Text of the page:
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Highlights
of September

…Pakistan Imperative… Rummy Plays Hardball
… Matthew … PSA Reprimand… more

Global Gallery,
September 25, 2006

The Monthly Round-up of the Interesting and
Inane of Squash From Martin Bronstein

© 2006 All
rights reserved.
all photos© 2006, Debra Tessier and Fritz Borchert

corby
Jahangir
trained with Rahmat at Wembley. Photo © 2006, SquashTalk
archives.

PAKISTAN’S
CHAMPIONS MADE IN BRITAIN

You
may have read recently that the Pakistan Squash Federation dumped on
its present crop of players for not achieving world domination – or
anywhere near that status.

What
they may have forgotten in their rush to shift the blame from their
own lack of planning was that both of their great players of the last
20 years  were actually honed in Britain.

Almost thirty years ago Rahmat Khan persuaded the ruling powers to let
him take over the coaching of the teenaged Jahangir Khan and so a very
boyish Jahangir moved to Wembley, north London, in England, close to
the Wembley Squash Centre where he trained every day under the shrewd
eye of Rahmat. Next door was the Wembley Conference Centre (still one
of the best venues ever) where Jahangir won 10 of his British Open titles.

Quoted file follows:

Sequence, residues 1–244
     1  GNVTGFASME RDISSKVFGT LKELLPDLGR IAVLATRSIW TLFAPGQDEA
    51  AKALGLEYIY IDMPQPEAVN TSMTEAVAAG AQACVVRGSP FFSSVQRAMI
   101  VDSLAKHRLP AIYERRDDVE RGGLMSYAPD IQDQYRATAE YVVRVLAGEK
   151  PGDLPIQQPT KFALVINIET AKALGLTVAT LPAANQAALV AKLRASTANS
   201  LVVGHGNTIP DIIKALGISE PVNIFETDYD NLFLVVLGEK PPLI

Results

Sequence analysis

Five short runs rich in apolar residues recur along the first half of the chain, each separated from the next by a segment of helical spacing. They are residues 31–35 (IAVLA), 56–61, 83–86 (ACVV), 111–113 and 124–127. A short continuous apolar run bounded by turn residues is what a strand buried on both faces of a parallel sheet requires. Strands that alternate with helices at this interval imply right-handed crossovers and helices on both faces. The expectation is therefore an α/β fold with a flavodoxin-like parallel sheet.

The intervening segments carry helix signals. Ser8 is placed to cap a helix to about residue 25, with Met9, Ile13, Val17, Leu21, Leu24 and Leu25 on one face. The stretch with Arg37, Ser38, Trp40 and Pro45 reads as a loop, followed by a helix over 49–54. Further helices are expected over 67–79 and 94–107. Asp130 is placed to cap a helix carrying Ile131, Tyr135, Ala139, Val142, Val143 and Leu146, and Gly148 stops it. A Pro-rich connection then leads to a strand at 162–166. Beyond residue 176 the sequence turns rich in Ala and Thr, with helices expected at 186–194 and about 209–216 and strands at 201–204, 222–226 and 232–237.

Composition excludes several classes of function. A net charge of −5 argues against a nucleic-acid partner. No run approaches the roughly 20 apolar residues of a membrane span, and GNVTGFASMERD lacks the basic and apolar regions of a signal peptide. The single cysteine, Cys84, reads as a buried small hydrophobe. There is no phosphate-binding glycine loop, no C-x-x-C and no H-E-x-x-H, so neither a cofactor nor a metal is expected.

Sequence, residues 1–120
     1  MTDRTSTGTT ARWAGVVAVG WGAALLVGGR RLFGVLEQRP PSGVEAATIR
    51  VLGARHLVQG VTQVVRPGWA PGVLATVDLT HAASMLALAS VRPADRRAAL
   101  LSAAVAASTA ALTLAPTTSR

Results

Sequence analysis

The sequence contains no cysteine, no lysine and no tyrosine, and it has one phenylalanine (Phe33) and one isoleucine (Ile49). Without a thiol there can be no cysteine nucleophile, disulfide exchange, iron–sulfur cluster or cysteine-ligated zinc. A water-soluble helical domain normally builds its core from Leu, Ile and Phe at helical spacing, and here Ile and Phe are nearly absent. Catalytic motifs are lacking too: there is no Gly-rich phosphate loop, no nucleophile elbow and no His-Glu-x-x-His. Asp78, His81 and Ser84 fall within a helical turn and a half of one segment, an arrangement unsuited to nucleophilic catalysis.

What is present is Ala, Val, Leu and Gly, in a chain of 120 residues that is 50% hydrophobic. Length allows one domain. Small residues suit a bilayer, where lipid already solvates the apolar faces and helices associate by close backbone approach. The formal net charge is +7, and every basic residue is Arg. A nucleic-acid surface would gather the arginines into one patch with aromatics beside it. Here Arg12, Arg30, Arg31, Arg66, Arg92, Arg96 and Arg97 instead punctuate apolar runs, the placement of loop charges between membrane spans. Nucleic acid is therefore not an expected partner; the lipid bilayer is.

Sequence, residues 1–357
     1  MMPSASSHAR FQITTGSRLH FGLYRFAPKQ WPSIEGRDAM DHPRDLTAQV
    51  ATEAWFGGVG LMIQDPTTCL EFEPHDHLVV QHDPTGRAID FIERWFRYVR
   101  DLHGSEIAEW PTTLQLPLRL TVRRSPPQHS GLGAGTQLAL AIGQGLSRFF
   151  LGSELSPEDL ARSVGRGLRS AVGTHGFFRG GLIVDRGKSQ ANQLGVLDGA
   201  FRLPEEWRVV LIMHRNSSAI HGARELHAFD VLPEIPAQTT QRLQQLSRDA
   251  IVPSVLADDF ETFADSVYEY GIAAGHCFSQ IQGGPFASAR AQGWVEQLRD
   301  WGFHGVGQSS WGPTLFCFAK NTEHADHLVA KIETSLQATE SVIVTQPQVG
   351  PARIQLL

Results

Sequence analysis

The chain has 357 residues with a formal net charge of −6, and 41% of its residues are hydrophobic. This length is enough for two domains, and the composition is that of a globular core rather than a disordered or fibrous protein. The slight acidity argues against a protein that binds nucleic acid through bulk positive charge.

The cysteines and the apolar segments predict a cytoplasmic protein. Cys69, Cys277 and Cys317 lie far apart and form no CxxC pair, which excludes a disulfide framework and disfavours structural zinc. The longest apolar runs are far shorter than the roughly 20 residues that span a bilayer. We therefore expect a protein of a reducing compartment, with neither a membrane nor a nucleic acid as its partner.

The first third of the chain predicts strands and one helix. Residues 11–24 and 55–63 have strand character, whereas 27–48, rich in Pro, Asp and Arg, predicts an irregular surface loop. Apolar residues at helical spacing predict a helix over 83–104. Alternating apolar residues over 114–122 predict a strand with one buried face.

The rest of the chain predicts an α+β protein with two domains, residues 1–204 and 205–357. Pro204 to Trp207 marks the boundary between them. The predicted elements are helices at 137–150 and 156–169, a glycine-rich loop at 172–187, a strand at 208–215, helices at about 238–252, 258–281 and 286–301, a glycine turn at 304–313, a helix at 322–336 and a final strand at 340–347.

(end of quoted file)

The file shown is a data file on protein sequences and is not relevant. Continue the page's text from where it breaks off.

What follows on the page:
In
the eighties another young, but skinny kid called Jansher Khan also
moved from Pakistan to England and based himself at Stripes Squash
club in west London, where, guided by  Satinder Bajwar (now the `Harvard
squash coach),  he honed his skills and fitness  to such a
level that in the late 80’s he beat Jahangir in eight out of ten
matches, an unthinkable feat  a few years earlier when Jahangir
was in the middle of his 500-match unbeaten streak.

corby
Jahangir
and Jansher engaged in some fearsome battles on the court – here
at the ’88 British Open. Photo © 2006,
SquashTalk archives.

Jansher
used to hold ‘open court’ in the afternoon and any
player could go along and play him. Jansher would play them one after
the other, beat them 3/0  and then await the next victim.   The
victims would vie  to see who got most points off Jansher. Anyone
winning a game was a hero.

Jansher’s fitness level was phenomenal. His interview/mantra to
journalists never varied: “I fitter, so I win’.  He
did too.

So, to get to my point finally, the PSF never did create a champion.
But it is good news now that they will finally be using a videotape and
other scientific methods which have only been around for 30 years.

SQUASH – THE
POLITICIANS’ GAME

So
squash finally hit the front page of the New York Times. Why? Because
Donald Rumsfeld  plays it every day. (How comes the New York Times
managed to ignore squash for years when it was being played in Grand
Central Station, one of the  best venues in the USA?).

The
story has touched a nerve and even the BBC  radio Today program
(a must for any  Brit who wants to know what is going on in the
world) felt they had to interview Peter Nicol on the subject of squash/politics.

Rumsfeld’s
squash playing covered in the New York Times. Photo © 2006,
Dean Martin, NewsPix.

The